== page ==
Volume 45 Number 13
                    Produced: Mon Oct 11  4:39:42 EDT 2004

Subjects Discussed In This Issue: 

         [Martin Stern]
         [Nathan Lamm]
Aleinu after Mincha (2)
         [Ira L. Jacobson, Ken Bloom]
Birth control (formerly "Unmarried girls") (2)
         [Anonymous, Abie Zayit]
Dairy Label (2)
         [Batya Medad, Avi Feldblum]
Hurricane Blessing
         [Sam Saal]
Kodesh v'khol
         [Sam Saal]
Sukkahs made from material that blows in the wind
         [Jonathan Sperling]


From: Martin Stern <md.stern@...>
Date: Sun, 03 Oct 2004 09:40:21 +0100
Subject: Re: Abortion

on 3/10/04 4:27 am, Stephen Phillips <admin@...> wrote:
>> From: Martin Stern <md.stern@...>:
>> The consequence is that, effectively, abortion is either obligatory or
>> forbidden depending on the individual case, the difficult problem facing
>> a rav is deciding from the particular circumstances which applies. There
>> certainly is no such thing as an elective abortion permitted by
>> halachah.
> Perhaps, though, the Christian "pro-lifers" have a point. I always
> thought that the prohibition of killing as one of the 7 Noahide Laws was
> absolute and that non-Jews could not rely on the din of "Rodef" [a
> pursuer]. 

I am not sure whether this is correct. However abortion is a capital
offence under the Noahide dispensation, as pointed out by Rabbi Yishmael
in Mas.  Sanhedrin, which makes it an example of the rare situation
where the law is more stringent for non-Jews than Jews.

> If that is correct, then a Jewish woman having to have an
> abortion should presumably have it performed by a Jewish doctor.

I certainly remember seeing such a psak but I cannot recall offhand
where I saw it . Furthermore there was an opinion that it would be
preferable for the operation to be performed by a female Jewish doctor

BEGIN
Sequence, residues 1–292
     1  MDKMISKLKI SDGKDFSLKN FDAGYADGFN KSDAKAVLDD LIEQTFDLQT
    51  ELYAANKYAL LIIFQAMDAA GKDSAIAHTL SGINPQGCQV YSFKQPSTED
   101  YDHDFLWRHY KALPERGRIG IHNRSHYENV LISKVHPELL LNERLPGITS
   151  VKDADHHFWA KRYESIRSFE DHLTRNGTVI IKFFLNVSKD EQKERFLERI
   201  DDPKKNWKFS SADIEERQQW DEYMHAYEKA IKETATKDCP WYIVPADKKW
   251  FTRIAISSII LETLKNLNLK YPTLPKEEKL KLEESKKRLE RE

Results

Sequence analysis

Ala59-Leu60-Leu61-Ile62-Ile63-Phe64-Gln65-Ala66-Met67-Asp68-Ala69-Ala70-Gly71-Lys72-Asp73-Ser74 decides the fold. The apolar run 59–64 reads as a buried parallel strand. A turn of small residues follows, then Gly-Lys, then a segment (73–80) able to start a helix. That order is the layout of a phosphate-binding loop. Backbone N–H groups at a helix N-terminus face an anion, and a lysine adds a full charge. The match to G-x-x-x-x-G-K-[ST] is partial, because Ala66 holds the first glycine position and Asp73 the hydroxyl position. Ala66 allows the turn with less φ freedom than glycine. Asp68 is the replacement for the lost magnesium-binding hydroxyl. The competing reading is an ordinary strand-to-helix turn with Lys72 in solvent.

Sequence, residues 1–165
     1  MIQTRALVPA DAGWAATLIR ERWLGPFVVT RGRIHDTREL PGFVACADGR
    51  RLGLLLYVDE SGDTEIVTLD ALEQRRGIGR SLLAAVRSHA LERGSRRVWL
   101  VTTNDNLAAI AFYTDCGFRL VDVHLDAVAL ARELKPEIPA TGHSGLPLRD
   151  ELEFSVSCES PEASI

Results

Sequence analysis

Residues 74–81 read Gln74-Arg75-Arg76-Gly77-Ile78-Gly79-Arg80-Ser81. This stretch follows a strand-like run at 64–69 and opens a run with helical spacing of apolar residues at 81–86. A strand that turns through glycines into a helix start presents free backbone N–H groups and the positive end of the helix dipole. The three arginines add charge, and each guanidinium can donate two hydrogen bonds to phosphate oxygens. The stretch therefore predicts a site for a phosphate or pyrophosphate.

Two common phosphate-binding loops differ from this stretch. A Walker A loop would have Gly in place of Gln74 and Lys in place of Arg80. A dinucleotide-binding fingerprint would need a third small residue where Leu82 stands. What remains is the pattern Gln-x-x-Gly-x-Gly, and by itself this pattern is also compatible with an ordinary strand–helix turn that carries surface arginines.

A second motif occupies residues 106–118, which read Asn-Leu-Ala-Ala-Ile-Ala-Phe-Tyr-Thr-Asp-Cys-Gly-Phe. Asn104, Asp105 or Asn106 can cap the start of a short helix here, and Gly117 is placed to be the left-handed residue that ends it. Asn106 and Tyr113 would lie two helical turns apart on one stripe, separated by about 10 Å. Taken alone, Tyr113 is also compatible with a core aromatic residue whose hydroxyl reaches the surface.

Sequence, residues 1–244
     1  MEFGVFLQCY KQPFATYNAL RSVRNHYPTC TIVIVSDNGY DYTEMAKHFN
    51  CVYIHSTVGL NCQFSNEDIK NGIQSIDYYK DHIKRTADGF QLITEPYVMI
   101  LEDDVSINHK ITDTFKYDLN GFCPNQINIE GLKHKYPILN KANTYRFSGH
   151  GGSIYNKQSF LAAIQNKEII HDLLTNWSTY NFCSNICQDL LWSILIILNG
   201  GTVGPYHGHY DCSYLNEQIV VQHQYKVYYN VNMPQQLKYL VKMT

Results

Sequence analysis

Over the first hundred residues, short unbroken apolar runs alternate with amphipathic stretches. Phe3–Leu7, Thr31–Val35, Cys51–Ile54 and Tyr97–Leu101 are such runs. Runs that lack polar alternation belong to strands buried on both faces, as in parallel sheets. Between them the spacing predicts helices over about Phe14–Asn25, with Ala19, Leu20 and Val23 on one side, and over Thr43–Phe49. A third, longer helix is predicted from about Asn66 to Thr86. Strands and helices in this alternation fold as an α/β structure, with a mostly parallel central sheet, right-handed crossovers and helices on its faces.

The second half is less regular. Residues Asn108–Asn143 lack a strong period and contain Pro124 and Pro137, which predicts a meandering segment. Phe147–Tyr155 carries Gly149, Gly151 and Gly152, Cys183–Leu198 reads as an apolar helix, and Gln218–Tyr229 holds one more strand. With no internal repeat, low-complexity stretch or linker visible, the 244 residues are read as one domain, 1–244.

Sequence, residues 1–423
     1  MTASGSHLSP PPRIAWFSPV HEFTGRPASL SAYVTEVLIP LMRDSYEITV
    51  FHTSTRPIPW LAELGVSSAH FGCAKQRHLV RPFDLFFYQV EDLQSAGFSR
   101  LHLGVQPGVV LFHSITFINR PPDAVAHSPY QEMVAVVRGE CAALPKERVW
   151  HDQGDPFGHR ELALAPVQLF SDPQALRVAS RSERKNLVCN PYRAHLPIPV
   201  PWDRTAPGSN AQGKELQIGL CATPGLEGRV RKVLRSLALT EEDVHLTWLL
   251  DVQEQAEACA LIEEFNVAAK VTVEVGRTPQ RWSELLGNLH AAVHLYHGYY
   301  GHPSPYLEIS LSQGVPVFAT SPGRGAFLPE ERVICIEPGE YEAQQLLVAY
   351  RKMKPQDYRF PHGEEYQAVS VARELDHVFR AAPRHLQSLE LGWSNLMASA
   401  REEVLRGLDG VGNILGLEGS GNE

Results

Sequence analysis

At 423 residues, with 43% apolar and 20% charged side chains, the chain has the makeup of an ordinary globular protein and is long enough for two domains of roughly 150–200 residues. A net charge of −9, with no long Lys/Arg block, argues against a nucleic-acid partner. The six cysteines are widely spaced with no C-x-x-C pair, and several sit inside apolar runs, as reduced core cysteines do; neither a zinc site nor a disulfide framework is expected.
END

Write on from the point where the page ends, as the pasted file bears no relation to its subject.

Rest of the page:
to avoid the possibility that an abortion would constitute hashchatat
zera, which is a peculiarly male prohibition.

> As to the question of an elective abortion, surely there are cases
> where it is permitted, but not necessarily mandatory, for a woman to
> have an abortion. I believe that the Tzitz Eliezer (Harav Eliezer
> Waldenberg) is quite lenient in such matters.

I don't think this inference is correct. Certainly the Tzitz Eliezer
permits abortion in some cases which seem at first sight not to involve
danger to the mother's life or health such as where amniocentesis shows
that the baby will suffer from Tay-Sachs but he does so because the
distress caused might lead to suicidal tendencies. The fact that she
asked shows that this is a possibility since only the strongest of women
could contemplate seeing the inevitable suffering and slow death of yet
another child. However there are not many poskim who agree with this
rather wide interpretation of danger to the mother's life or health, at
least without corroborating psychological assessment.

Martin Stern


From: Nathan Lamm <nelamm18@...>
Date: Sun, 3 Oct 2004 06:58:08 -0700 (PDT)
Subject: Aleinu

In another context (the origin of the custom of bowing on the floor on
the yamim noraim), I recently heard a talk on the history of Aleinu. To
sum up, from memory:

Aleinu was composed for the beginning of the Malkhiot section of the
Rosh Hashana Musaf, as is clear from its text. Only much later was the
custom of saying it after Shacharit begun; it was said privately, as a